Supply chain management is all about how contingencies are handled among a group of diverse enterprises with common needs. The most common need is information.
That's the theme I'm working on for my October supply chain technology feature, anyway. But in talking to technology vendors about such ethereal stuff, it was almost quaint to hear one of them talking about equipment leasing. Isn't that more of a lift truck thing?
Not when the economy isn't doing very well and Christmas is around the corner. In that case, what's on a technology vendor's mind are ways to get more customers—and obviously keep them by serving them better. In that way, technology suppliers are becoming more like service providers. Bruce Stubbs, director of industry marketing for Intermec, told me his company's customers are leery about owning more bar code scanners than absolutely necessary.
“Some of these folks have been asking us if there is some way we can package solutions so they don't have to own the equipment,” he told me. “They would lease the hardware, software and services for a period of time and treat it as an operating expense vs a capital expenditure.”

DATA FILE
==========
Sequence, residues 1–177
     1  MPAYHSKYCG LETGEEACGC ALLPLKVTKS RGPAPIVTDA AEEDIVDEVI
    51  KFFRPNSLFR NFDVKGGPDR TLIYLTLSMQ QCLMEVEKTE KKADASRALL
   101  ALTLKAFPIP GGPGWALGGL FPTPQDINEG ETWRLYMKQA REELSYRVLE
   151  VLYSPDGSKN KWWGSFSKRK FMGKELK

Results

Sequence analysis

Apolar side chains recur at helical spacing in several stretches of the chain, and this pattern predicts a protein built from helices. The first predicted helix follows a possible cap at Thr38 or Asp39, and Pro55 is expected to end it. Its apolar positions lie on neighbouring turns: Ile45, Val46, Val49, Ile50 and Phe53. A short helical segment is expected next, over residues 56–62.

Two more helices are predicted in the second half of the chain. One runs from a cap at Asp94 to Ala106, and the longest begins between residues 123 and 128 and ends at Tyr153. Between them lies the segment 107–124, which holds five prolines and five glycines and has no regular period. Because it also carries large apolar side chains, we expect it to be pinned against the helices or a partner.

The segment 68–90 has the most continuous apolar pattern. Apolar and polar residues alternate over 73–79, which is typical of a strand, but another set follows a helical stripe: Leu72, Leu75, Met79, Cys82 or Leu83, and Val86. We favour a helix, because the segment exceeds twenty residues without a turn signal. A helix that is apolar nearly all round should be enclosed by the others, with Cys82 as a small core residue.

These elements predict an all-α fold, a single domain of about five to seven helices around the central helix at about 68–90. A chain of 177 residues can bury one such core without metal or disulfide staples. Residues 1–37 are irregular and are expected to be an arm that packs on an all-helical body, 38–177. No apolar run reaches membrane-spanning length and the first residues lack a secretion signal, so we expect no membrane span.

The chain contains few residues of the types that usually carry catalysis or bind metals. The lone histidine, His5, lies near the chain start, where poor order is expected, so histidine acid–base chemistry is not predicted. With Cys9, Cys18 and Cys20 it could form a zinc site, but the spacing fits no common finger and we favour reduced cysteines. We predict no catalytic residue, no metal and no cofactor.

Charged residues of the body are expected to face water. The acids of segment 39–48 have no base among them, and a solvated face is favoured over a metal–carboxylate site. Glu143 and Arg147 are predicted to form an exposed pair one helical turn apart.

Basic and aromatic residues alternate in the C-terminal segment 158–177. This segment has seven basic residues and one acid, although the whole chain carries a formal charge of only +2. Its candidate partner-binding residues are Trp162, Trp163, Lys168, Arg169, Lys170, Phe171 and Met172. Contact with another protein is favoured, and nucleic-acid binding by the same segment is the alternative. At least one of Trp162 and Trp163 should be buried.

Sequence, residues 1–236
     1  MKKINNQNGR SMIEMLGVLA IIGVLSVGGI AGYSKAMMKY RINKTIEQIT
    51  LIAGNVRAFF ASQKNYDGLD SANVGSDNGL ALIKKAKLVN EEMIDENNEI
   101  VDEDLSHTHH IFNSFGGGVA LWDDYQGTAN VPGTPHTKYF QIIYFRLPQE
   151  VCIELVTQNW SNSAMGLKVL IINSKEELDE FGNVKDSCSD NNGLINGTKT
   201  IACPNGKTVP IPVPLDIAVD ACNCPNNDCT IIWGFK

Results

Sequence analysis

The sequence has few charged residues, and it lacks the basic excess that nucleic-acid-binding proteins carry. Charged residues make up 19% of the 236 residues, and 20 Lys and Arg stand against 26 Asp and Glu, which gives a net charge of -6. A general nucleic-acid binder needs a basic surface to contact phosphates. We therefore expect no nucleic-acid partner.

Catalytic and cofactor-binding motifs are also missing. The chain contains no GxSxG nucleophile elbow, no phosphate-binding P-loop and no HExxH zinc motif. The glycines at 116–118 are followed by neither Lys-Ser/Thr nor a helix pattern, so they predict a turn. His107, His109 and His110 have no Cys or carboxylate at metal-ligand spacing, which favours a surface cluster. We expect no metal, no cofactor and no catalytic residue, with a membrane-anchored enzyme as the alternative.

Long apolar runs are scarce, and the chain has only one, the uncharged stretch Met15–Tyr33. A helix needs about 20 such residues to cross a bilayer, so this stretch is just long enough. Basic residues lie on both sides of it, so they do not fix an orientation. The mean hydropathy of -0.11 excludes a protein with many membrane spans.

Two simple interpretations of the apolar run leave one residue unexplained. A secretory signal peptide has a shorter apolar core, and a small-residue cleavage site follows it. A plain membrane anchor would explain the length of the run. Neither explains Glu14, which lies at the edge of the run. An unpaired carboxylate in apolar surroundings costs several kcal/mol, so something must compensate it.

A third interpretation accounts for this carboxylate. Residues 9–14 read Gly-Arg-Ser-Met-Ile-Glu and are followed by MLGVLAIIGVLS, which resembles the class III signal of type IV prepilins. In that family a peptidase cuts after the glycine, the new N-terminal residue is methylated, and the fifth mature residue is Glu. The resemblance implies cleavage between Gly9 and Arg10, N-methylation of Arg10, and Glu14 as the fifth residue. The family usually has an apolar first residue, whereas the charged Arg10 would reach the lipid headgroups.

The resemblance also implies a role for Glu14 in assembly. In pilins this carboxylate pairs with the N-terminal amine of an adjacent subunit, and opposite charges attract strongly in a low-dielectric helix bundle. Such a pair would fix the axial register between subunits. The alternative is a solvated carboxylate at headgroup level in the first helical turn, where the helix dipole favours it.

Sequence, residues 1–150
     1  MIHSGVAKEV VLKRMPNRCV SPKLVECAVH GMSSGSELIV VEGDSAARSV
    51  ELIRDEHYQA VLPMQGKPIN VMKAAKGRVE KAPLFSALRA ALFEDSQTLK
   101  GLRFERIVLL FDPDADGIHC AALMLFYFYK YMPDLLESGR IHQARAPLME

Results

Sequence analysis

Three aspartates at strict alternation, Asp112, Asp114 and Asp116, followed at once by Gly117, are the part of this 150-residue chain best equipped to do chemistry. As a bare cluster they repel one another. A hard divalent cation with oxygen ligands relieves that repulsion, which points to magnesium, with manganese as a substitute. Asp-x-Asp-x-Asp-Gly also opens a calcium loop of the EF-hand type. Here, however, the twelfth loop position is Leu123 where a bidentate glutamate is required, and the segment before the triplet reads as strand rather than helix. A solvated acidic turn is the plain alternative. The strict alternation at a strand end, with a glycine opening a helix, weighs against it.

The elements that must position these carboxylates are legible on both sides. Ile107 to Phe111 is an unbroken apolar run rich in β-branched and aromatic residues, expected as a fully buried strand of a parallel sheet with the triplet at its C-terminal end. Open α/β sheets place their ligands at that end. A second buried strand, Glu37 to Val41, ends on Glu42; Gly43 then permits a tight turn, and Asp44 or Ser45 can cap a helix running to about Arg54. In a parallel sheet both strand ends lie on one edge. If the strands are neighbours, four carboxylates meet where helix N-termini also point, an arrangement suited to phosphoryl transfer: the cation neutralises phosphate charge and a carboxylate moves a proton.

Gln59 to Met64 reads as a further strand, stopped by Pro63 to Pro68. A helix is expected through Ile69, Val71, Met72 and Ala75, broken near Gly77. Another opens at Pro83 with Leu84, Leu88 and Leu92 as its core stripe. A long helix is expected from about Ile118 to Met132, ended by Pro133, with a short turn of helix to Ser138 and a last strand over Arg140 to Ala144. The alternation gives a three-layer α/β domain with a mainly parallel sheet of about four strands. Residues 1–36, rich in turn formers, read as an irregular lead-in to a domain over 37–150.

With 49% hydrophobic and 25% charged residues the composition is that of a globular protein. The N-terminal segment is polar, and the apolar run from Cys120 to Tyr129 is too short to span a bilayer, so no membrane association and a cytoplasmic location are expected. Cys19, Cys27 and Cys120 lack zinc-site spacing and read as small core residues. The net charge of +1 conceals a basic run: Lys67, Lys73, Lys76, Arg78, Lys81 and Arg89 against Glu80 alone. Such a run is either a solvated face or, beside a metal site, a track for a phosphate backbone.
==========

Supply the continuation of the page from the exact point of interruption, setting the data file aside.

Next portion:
Stubbs says his company is looking at developing that model further and is even helping justify the return on investment. The thinking goes, if a user is increasing their efficiencies and productivity, that turns into a daily ROI so why not track it that way for their company and spread it out over several months vs purchasing it and hoping for a payback in a year.
That kind of model is even more attractive to a lot of retailers gearing up for the holidays.
“If I typically need 30 devices to meet my demand throughout the year but at my peak season I need 50, why go out and buy 20 additional and have them sitting for the rest of the year?” Stubbs reasons. “How about owning those 30 then at my peak lease an additional 20 and after my six to eight week period I can shift them back to the vendor.”
He told me Intermec's also going to embrace rental. I just thought it was interesting to hear those creative financing terms being applied to the creative technology coming out of supply chain R&D. Let me know if you agree and want to see this applied to other supply chain technologies you're using or thinking of using.